The studies found using these search methods indicate that sauna therapy may be an appropriate form of treatment for patients with CVD and in preventing CVD from advancing to complications such as CHF and PAD.
Cadmium, lead, arsenic, and mercury have been shown to depress nitric oxide (NO) availability, increase oxidation and inflammation, increase endothelial dysfunction, and induce cell death. These are all significant findings in CVD.2-5,7 These toxic metals can be excreted via sweat and therefore excessive sweating may help to reduce the amount of these metals circulating in the bloodstream.2,7
It is evident from the studies reviewed that 15 minutes of sauna therapy for at least five days a week for three to six weeks is able to reverse the adverse effects of heavy metal toxicity by enhancing nitric oxide (NO) availability, decreasing aldosterone, decreasing oxidation and inflammation, reducing endothelial dysfunction, and assisting with mitochondrial function.6,7,12 Considering heavy metal toxicity can play a role in the development of these conditions, it can be concluded that sauna therapy can help decrease levels of heavy metals such as cadmium, arsenic, lead, and mercury, and therefore improve prognosis of patients with cardiovascular diseases.
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This literature review was edited by Dr. Debrah Harding and Dr. Baljit Khamba.
1. Sobajima, M, et al. Waon Therapy Improves Quality of Life as Well as Cardiac Function and Exercise Capacity in Patients With Chronic Heart Failure. International Heart Journal. 2015;56(2): 203–208.
2. Borné Y, et al. Cadmium exposure and incidence of heart failure and atrial fibrillation: A population-based prospective cohort study. BMJ Open. 2015; 5(6): 1–8.
3. Manuscript, A., Exposure, A., & Review, S. (2013). NIH Public Access, 14(6), 542–555. http://doi.org/10.1007/s11883-012-0280-x.Arsenic
4. Navas-Acien A, et al. Lead exposure and cardiovascular disease - A systematic review. Environmental Health Perspectives. 2007; 115(3), 472–482.
5. Sjögren B, et al. Mortality from cardiovascular diseases and exposure to inorganic mercury. Occupational and Environmental Medicine. 2002; 59(7): 494.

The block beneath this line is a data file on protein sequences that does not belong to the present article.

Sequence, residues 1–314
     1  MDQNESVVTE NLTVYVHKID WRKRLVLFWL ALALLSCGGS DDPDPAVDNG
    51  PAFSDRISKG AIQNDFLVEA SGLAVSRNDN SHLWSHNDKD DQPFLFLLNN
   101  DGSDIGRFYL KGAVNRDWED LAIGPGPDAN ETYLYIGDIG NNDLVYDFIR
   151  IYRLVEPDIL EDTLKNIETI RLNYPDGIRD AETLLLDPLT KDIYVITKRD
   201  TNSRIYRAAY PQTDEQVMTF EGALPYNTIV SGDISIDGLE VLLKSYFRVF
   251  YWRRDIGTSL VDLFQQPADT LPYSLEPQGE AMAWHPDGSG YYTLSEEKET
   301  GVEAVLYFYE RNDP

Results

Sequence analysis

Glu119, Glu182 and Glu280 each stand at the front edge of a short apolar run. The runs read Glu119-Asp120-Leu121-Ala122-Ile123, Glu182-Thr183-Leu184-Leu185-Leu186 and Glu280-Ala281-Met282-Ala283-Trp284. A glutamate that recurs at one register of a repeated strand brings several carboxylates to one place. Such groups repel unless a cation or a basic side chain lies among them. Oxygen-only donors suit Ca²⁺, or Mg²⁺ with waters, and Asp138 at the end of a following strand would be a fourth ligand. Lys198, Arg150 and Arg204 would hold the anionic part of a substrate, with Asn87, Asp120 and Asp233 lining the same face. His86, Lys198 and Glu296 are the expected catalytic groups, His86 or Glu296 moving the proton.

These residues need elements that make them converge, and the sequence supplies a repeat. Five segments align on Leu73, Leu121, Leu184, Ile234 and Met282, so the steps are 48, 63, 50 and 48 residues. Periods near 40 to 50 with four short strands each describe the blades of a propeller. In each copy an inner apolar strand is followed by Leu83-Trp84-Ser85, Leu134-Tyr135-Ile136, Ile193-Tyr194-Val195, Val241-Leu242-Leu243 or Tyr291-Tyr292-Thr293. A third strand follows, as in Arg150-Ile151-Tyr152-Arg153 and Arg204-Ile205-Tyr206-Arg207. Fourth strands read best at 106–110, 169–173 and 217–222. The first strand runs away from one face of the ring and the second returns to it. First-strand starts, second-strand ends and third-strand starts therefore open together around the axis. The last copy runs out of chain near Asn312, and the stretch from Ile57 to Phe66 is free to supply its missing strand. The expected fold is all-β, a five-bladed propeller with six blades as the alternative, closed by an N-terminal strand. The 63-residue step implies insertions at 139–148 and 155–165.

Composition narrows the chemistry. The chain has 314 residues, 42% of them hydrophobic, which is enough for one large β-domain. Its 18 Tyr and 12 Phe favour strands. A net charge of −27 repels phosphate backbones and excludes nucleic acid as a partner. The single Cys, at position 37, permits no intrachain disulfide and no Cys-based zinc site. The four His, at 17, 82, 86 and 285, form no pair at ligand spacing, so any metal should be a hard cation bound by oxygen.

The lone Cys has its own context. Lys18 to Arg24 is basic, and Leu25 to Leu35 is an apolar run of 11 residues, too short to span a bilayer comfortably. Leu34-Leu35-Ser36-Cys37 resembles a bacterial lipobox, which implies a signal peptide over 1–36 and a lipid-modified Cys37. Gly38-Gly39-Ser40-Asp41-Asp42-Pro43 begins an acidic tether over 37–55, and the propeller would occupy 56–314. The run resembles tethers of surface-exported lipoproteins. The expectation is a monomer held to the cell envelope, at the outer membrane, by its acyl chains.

6. Miyata M, Tei C. Waon Therapy for Cardiovascular Disease: Circulation Journal. 2010; 74(4), 617–621.
7. Sears ME, Kerr KJ, Bray RI. Arsenic, cadmium, lead, and mercury in sweat: A systematic review. Journal of Environmental and Public Health. 2012. http://doi.org/10.1155/2012/184745
8. Crinnion WJ. Sauna as a valuable clinical tool for cardiovascular, autoimmune, toxicant- induced and other chronic health problems. Alternative Medicine Review : A Journal of Clinical Therapeutic. 2011;16(3): 215–25.
9. Fujita S, et al. Effect of Waon Therapy on Oxidative Stress in Chronic Heart Failure. Circulation Journal. 2011; 75(2), 348–356.
10. Shinsato T, et al. Waon therapy mobilizes CD34+ cells and improves peripheral arterial disease. Journal of Cardiology. 2010;56(3), 361–366.
11. Manuscript, A., Exposure, C., & Disease, I. C. (2014). NIH Public Access, 24(3), 421–429. http://doi.org/10.1097/EDE.0b013e31828b0631.Cadmium
12. Fukushima A, Kinugawa S. Renin-Angiotensin-Aldosterone System and Natriuretic Peptides as Possible Targets of Waon Therapy in Heart Failure. Circulation Journal. 2017; 81(5), 635–636.
Dr. Hanisha Patel received a Bachelor of Science degree in pharmaceutical sciences at the Ohio State University. Following her undergraduate career, she worked for an NGO in Pune, India, where she worked with women in rural and slum areas. She then received her degree in naturopathic medicine from Bastyr University California where she continued to work with underserved communities locally and globally. As a naturopathic doctor, she specializes in cardiovascular diseases, diabetes, women's health, and neurodegenerative diseases. When she is not working with patients, she enjoys traveling, dancing, hiking, HIIT workouts, yoga, and watching sunsets.